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Hoffmann, R. A wiki for the life sciences where authorship matters. Nature Genetics (2008)

Targeting of heterologous membrane proteins into proliferated internal membranes in Saccharomyces cerevisiae.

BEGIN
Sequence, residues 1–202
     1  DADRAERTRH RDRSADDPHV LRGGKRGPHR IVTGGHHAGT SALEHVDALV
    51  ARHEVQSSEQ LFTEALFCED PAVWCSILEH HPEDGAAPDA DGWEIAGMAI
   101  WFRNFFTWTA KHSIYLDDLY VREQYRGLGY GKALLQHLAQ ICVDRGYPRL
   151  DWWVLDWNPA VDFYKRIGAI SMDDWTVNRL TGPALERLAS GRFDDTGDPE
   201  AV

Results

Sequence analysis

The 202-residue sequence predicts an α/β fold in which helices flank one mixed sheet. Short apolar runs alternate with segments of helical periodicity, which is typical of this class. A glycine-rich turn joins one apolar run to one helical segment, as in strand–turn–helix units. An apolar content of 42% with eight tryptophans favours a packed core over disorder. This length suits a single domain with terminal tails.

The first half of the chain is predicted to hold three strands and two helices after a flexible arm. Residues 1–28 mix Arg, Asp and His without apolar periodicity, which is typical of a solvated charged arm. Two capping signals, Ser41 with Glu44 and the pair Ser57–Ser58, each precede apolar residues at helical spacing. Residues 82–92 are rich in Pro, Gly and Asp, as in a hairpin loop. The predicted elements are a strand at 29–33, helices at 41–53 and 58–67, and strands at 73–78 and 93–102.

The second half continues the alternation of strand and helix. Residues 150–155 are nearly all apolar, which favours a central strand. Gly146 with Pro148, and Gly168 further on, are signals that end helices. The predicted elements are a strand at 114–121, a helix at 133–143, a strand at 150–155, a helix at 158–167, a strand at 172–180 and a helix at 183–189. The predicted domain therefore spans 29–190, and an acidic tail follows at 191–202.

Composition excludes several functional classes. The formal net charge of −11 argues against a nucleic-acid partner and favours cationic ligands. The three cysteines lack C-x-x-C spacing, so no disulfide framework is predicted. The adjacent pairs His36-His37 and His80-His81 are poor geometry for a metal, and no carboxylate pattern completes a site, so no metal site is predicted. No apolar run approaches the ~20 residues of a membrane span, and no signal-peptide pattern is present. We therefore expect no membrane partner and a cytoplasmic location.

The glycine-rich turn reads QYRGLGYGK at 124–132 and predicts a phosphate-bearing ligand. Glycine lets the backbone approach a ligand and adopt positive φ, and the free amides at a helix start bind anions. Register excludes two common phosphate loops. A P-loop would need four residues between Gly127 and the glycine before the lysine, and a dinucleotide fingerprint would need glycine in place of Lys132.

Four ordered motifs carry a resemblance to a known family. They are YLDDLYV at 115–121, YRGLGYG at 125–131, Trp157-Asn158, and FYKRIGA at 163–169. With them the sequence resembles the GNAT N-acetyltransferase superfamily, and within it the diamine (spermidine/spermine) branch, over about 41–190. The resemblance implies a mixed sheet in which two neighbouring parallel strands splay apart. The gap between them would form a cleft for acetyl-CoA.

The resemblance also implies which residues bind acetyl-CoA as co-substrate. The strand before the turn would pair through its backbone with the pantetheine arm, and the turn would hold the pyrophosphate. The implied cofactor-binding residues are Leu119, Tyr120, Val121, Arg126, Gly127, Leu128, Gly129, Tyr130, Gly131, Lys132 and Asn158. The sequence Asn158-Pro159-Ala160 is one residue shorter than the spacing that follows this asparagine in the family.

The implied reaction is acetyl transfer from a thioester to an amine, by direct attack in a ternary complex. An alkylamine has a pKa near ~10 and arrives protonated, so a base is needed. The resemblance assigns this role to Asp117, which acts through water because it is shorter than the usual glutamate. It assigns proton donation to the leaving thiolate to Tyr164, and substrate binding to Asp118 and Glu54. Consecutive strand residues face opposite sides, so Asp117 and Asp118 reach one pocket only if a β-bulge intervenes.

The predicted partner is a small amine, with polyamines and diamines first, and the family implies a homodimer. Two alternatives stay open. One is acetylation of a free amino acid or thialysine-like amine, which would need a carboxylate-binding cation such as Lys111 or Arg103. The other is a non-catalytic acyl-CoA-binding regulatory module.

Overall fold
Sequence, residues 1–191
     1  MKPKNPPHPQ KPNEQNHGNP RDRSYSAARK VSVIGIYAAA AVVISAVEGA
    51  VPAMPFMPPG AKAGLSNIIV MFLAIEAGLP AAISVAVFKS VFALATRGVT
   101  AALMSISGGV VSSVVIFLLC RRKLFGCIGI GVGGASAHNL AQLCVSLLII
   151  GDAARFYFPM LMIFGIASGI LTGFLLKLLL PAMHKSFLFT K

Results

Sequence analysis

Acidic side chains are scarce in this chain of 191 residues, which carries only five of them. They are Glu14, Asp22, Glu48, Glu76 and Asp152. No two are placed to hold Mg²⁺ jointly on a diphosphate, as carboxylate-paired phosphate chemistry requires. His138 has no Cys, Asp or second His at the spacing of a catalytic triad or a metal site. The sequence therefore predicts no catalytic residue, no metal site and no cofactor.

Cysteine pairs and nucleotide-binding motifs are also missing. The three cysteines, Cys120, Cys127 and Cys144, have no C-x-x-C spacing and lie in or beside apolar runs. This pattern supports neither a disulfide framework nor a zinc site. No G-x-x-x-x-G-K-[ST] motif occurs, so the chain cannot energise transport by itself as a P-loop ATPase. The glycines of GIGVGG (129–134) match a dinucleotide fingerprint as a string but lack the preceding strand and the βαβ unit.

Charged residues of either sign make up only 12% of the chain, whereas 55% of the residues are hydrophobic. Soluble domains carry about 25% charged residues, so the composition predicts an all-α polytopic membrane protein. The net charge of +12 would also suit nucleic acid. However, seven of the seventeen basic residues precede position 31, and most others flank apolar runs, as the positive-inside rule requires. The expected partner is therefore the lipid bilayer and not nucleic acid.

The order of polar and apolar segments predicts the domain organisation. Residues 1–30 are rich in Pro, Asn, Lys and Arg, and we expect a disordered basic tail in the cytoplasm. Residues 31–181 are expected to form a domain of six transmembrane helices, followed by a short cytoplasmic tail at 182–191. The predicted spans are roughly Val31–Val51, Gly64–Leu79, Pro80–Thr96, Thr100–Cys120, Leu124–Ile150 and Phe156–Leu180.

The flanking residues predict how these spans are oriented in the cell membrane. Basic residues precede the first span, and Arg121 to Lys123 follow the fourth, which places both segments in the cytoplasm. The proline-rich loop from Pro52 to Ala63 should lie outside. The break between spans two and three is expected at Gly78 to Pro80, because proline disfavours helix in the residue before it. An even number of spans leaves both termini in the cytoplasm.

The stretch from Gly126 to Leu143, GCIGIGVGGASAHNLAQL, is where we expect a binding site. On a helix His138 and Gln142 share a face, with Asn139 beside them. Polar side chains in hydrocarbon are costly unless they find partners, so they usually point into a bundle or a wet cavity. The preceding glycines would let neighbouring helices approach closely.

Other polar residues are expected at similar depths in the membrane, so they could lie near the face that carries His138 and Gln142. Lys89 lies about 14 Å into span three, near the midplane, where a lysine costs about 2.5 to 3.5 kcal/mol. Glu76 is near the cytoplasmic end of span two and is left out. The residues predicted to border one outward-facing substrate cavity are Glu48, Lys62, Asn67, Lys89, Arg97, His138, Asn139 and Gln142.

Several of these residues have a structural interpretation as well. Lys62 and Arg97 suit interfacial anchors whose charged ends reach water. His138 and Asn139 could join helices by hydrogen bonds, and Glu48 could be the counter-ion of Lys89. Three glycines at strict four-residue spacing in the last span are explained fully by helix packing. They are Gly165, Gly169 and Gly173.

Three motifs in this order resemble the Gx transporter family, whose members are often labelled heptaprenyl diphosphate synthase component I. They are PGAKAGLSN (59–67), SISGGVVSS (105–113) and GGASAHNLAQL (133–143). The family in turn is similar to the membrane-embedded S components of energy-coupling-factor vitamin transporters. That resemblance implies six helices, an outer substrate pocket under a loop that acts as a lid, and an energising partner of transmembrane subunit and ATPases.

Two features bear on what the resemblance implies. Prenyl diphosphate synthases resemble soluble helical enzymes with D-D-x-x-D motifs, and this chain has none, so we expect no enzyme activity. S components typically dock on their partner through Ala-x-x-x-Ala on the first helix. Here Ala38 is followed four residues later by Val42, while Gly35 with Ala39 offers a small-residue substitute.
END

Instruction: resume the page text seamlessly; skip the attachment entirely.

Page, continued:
Overproduction of chimeric proteins containing the HMG2/1 peptide, which comprises the seven transmembrane domains of Saccharomyces cerevisiae 3-hydroxy-3-methylglutaryl-CoA reductase isozymes 1 and 2, has previously been observed to induce the proliferation of internal endoplasmic reticulum-like membranes. In order to exploit this amplified membrane surface area for the accommodation of heterologous microsomal proteins, we fused sequences coding for human cytochrome P4501A1 (CYP1A1) to sequences encoding the HMG2/1 peptide and expressed the hybrid genes in yeast. The heterologous hybrid proteins were targeted into strongly proliferated membranes, as shown by electron microscopic and immunofluorescent analysis. Fusion proteins comprising the whole CYP1A1 polypeptide (HMG2/1-CYP1A1) exhibited 7-ethoxyresorufin-O-deethylase activity, whereas fusion proteins lacking the N-terminal 56 amino acids of CYP1A1 (HMG2/1-delta CYP1A1) were inactive and appeared to be unable to incorporate protoheme. Similar amounts of heterologous protein were detected in cells expressing HMG2/1-CYP1A1, HMG2/1-delta CYP1A1 and CYP1A1, respectively. Replacement of the N-terminal membrane anchor domain of human NADPH- cytochrome P450 oxidoreductase by the HMG2/1 peptide also resulted in a functional fusion enzyme, which was able to interact with HMG2/1-CYP1A1 and the yeast endogenous P450 enzyme lanosterol-14 alpha-demethylase.[1]


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